Charlotte White was in tears as she spoke about her son who died from his injuries ten days after he was punched in the head while intervening in a domestic assault at a New Jersey bus stop.
"My son was ripped from my life," White said while in tears. "I don't know how to go on without him."
John Charlton, 54, died Sunday at AtlantiCare Regional Medical Center, City Campus, Atlantic County Prosecutor Damon Tyner said while announcing aggravated manslaughter charges against suspect Calvin Wiggins.
Several people pulled off busy Route 40 near Cantillon Boulevard on the morning of Nov. 2 after seeing the 24-year-old Wiggins beating his girlfriend, police said.
Charlton and others tried to intervene, but witness George Sluker, who lives across the street at a condo complex, said Wiggins threatened the good Samaritans.
"The fella doing the beating was yelling at the people trying to stop him that he was going to shoot them," Sluker said.
Sluker and another witness said that's when the Mays Landing man turned and punched one of the men.
"This guy just cold clocked him," Sluker said.
Charlton dropped to the ground and hit his head with such force people standing across the road could hear the impact.
"You could hear his head crack all the way over here. I was like 'Oh my God,'" witness Mary Wickliff said.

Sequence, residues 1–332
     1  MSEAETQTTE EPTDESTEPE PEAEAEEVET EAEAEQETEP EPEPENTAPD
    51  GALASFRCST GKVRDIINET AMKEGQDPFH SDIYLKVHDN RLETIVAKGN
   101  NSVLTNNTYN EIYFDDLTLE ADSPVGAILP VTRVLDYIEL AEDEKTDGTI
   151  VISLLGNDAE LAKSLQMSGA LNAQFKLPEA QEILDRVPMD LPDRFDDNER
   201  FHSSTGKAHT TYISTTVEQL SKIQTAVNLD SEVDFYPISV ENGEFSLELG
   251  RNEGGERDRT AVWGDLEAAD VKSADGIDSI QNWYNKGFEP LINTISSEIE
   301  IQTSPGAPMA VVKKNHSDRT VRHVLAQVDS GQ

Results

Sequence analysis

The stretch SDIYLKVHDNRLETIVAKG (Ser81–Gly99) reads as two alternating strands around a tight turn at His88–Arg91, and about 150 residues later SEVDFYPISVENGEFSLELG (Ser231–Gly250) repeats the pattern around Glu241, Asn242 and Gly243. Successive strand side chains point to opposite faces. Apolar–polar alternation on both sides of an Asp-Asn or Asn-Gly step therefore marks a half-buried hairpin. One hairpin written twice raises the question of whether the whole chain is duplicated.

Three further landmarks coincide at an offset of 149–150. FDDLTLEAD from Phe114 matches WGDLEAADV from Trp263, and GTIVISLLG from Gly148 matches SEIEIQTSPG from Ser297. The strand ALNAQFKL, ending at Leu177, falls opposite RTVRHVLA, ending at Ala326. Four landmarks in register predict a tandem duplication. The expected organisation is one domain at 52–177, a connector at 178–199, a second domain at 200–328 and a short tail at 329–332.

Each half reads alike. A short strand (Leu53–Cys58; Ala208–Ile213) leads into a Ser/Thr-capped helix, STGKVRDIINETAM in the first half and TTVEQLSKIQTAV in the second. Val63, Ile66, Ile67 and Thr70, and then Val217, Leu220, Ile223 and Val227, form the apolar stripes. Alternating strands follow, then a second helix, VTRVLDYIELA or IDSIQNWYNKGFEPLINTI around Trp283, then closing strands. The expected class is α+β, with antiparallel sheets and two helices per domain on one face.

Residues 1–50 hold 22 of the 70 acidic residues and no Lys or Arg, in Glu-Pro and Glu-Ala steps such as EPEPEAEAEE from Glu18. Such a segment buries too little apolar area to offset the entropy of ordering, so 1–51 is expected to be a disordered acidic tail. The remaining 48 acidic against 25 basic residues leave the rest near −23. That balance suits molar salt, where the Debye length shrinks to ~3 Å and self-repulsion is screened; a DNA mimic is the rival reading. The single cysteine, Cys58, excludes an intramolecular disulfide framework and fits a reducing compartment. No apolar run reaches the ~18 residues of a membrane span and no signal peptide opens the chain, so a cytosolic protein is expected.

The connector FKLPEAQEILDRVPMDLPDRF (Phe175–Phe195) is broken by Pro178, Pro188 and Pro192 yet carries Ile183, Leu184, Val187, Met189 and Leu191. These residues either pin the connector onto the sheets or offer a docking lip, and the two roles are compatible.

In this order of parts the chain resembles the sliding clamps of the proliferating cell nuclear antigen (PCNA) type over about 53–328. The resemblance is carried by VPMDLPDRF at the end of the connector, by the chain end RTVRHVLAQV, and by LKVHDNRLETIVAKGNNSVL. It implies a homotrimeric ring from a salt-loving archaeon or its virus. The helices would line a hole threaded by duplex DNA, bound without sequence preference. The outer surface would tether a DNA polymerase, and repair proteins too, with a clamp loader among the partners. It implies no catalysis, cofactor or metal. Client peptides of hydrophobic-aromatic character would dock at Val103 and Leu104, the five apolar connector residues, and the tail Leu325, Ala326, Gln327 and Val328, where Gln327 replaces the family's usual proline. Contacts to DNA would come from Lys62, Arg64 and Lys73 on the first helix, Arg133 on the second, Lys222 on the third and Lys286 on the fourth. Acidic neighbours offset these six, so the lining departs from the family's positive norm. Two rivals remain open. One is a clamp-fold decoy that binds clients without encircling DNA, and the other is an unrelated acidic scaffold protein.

The good Samaritan never regained consciousness and died 10 days later from his injuries, prosecutor said.
White told NBC10 Sunday she isn't surprised her eldest child of five jumped in to help.
"He jumped right in without a thought to his own safety," she said. "And that is just the kind of man that he has always been."
Wiggins waited for police to respond and was arrested. He was initially charged with aggravated assault, simple assault and possession of marijuana before being charged with aggravated manslaughter after Charlton died.
"It was a brutal and senseless, senseless waste of two lives," White said. "My son's and the other young man. His life is ruined."
Loved ones say Charlton was a hero in life and remains one in death. Nearly all of his body was donated to help others.
"I know he is so proud," White said. "It's almost like a culmination to what he's he's done all his life. He would help anybody."
No word if Wiggins has an attorney who could comment on his behalf.